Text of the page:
Opposition submits no-trust motion against Imran

ISLAMABAD: Members of the opposition in the National Assembly on Tuesday submitted a no-confidence motion against the prime minister.

Officials of the National Assembly Secretariat confirmed that opposition members had submitted the motion.

Pakistan Muslim League-Nawaz (PML-N) Information Secretary Marriyum Aurangzeb said National Assembly Speaker Asad Qaiser was not present in his office which is why the document was submitted with the secretariat.

The confirmation from Aurangzeb came after a delegation of opposition MPs, including Rana Sanaullah Khan, Sardar Ayaz Sadiq, Marriyum Aurangzeb, and Shazia Marri had reached Parliament House in Islamabad.

Pakistan Peoples Party (PPP) MP Syed Naveed Qamar said the motion, which calls for the requisition of a National Assembly session, had signatures of more than 100 MPs. The rules of business state that in order for a session to be requisitioned to vote on a no-confidence motion, signatures from at least 68 MPs are required.

The three parties — PML-N, PPP and the Muttahida Majlis-i-Amal (MMA), a union of far-right parties including Jamiat Ulema-e-Islam-Fazl (JUI-F) — combined have 154 seats in the National Assembly. Overall, the ruling coalition is supported by 176 MPs whereas the opposition enjoys the backing of 162 legislators.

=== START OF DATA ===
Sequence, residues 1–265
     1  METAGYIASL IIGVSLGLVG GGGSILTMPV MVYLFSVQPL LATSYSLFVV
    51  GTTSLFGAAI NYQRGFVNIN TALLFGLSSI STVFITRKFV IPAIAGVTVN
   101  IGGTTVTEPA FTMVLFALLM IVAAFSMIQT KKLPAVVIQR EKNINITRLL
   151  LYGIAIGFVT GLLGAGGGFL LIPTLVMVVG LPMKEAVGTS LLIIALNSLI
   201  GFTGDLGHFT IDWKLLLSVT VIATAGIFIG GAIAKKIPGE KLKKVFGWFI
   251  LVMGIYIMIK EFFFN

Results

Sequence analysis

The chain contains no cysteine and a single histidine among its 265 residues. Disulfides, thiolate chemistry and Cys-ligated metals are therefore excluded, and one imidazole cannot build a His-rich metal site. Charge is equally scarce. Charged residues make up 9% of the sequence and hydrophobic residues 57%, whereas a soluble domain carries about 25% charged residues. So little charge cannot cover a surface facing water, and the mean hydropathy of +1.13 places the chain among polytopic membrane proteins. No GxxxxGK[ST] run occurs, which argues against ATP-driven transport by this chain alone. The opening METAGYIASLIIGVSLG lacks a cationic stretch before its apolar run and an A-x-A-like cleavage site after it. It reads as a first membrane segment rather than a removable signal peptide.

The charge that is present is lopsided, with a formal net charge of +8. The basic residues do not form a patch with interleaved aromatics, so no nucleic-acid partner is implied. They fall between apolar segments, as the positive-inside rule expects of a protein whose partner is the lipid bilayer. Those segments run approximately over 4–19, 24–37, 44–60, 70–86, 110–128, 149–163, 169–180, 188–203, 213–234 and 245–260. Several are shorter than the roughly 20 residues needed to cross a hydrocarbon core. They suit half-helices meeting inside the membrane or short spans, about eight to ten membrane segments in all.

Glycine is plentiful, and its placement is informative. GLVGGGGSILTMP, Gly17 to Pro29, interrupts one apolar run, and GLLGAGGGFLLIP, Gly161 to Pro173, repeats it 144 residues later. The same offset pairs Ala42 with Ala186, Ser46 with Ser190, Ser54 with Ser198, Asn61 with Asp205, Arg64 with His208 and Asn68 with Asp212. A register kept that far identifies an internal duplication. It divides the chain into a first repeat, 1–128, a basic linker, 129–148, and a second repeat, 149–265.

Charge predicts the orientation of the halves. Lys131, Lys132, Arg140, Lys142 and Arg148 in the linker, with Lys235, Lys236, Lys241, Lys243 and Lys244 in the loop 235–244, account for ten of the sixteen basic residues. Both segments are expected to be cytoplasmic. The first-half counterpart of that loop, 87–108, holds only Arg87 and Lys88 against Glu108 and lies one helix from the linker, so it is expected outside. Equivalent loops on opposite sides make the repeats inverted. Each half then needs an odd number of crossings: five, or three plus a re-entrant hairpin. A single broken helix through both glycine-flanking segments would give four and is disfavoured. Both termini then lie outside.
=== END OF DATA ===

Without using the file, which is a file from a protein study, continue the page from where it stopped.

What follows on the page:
In order to make the no-confidence motion successful, the opposition requires the support of 172 MPs.

After the filing of the motion, Speaker Qaiser has between three to seven days to summon a session of the House to conduct voting.

The opposition parties, seeking to oust Imran Khan, decided to move the no-confidence vote during a meeting of the PML-N parliamentary party on Monday. The decision was made by party president Shahbaz Sharif.

The participants of the meeting were also directed to remain in Islamabad for at least three weeks, it said. The MPs were warned their absence during the motion “won’t be tolerated”.

Since its inception in September 2020, at the peak of the coronavirus crisis, the Pakistan Democratic Movement (PDM), a coalition of 11 political parties, has been staging public rallies across the country to ramp up pressure on the government of Imran Khan.

In February, PDM president Fazlur Rehman announced the opposition alliance has decided to move the motion against Khan and would contact the government’s allies in the Centre for this purpose.

“All component parties in the PDM have agreed on bringing a no-confidence motion against these illegitimate rulers and contacting the government’s allies in this regard,” he had said.

Some political observers also believe the opposition is optimistic that a change in the US presidency in January 2021, with Joe Biden replacing President Donald Trump, could benefit their cause.

Democrats, historically, have backed civilian supremacy in Pakistan. But regardless of who sits in the White House, the political situation in Pakistan is likely to remain volatile and unstable.

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